FLINT is not frequently polished by the lapidary but is then treated like Carnelian. Until of late years one of the greatest uses of this substance was for procuring fire, but percussion caps and Congreve matches have nearly superseded this employment of flint, which still however enters largely into the composition of porcelain, and has given the name to Flint Glass, although in this manufacture it is now rejected in favor of the more available article, the pure sand obtained from Alum Bay, Isle of Wight, Maidstone, and elsewhere. Flint is employed in the mechanical arts, as the "houldering stone" for rubbing down to a smooth face the laps, buffs and glaze wheels of the cutler, and pulverized flint has also obtained the employment described in the succeeding article.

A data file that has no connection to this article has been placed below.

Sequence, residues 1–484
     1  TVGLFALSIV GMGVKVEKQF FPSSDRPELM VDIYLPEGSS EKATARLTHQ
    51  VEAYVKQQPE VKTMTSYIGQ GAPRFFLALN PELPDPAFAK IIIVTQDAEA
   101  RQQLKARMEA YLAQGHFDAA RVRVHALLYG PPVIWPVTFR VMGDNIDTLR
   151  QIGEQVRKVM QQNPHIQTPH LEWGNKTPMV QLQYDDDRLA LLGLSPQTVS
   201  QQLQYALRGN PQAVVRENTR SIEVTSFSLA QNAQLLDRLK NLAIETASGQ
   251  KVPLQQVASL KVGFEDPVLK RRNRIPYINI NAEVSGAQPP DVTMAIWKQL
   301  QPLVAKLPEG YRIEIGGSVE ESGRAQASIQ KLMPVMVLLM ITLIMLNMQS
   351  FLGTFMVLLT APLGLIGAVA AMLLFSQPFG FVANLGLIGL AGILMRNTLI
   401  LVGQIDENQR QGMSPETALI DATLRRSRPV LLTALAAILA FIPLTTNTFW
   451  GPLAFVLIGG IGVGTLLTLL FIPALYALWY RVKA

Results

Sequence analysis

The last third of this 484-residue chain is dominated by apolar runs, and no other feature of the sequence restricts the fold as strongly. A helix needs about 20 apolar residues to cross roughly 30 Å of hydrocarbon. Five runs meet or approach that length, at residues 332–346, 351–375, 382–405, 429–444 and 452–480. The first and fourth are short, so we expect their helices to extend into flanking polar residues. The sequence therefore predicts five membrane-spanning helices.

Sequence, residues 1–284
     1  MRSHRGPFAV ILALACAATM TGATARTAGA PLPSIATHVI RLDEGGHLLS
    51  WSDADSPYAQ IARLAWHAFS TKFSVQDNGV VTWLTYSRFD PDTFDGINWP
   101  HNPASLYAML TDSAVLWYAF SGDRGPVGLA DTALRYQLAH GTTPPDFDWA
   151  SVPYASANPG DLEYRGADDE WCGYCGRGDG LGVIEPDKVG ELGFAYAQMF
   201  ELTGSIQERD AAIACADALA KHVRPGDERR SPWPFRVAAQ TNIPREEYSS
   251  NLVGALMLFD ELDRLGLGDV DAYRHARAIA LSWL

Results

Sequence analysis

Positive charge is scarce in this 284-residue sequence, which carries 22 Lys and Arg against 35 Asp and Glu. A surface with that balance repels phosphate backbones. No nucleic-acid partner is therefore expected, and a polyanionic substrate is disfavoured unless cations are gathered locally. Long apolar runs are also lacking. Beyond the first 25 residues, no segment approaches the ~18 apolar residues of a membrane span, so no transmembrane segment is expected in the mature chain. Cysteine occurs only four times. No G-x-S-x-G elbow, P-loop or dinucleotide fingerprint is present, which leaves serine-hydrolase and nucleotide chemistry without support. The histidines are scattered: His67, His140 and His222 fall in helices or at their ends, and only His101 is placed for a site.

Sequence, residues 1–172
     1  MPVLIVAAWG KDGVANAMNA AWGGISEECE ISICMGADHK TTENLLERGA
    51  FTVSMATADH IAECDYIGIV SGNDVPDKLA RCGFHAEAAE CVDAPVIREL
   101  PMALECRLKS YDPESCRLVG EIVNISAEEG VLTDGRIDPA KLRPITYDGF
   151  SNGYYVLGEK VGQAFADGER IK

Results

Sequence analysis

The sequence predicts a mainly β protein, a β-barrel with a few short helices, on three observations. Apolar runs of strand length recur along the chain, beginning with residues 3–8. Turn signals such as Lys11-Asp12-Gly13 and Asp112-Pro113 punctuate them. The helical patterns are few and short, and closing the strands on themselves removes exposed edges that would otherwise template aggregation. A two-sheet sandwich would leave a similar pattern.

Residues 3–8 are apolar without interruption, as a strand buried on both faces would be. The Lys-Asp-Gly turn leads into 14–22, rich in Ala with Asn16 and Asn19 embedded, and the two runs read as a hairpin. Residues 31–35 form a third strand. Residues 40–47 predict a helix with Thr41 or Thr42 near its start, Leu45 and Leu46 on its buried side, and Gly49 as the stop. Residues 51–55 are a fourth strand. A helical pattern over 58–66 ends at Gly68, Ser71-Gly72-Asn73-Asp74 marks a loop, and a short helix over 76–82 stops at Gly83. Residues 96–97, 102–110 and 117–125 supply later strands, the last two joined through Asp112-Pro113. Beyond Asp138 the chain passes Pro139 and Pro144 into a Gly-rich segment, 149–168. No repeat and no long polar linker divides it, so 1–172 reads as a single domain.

Flint. The late Mr. Larkin in finishing his beautiful wood models of crystals, employed calcined flint pulverized and glued upon wooden face wheels, as more fully described under the heads Glass Paper, and Wheels, article 59.